The most south-western tip of Africa juts out into the azure Atlantic Ocean.
The iconic flat-topped Table Mountain provides a magnificent backdrop to the city below.
Cute African penguins bask in the sunshine on Boulders Beach.
Carpets of wildflowers as far as the eye can see…
This enchanting Afromontane forest on the Garden Route is a sight to behold.
The 20 million year old Cango cave system consists of a series of hidden chambers cut deep into a limestone rock layer.
According to Xhosa folklore, this rocky archway is a gateway to the afterlife…
Although a semi-desert area, an abundance of underground water makes sheep farming possible.
The Springbok is the national animal of South Africa.
These unusual looking trees are part of the Aloe family and live for up to 400 years.
Seemingly devoid of life, this dry mountainous region is regarded as the only Arid Biodiversity Hotspot on the planet, with an astonishing variety of plant, bird and animal life.
The Khoi people called it ‘Aukoerebis’, meaning ‘place of great noise’, as the powerful flow of the Orange River thunders its way down the 184 foot (56 meter) waterfall.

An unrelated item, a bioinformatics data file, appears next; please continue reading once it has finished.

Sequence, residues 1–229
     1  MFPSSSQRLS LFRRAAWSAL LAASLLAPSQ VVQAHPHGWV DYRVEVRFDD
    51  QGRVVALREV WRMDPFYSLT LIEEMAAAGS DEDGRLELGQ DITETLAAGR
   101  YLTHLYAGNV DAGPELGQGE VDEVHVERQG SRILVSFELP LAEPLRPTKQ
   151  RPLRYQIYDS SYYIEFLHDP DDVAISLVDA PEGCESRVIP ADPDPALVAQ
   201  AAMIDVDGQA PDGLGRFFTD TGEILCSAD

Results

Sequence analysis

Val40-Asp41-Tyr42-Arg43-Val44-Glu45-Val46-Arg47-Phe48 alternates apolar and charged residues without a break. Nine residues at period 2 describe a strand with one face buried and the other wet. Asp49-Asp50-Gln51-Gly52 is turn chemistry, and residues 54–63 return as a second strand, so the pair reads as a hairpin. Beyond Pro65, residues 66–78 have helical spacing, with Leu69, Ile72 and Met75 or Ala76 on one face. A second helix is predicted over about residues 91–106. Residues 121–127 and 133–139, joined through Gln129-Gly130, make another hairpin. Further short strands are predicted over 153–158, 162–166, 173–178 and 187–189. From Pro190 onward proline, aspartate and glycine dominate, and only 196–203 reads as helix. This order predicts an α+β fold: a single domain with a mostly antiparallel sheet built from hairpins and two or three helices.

More than 600 of these gentle giants roam the plains of the Addo Elephant Park.
The northern Drakensberg forms a spectacular natural amphitheater in the Royal Natal National Park.
The magnificent Blyde River Canyon is flanked by the ‘Three Rondavels’ to the right, named for their resemblance to bee-hive shaped African huts.
Hearing the roar of a lion is an unforgettable experience…
The giant Baobab tree reaches heights of between 16 to 98 feet (5 to 30 meters).
This geological wonder is the result of centuries of water erosion where the Treur River meets the Blyde River.
One of many great rivers that snake its way across South Africa.
The Berlin Falls were named by German miners during the South African gold rush.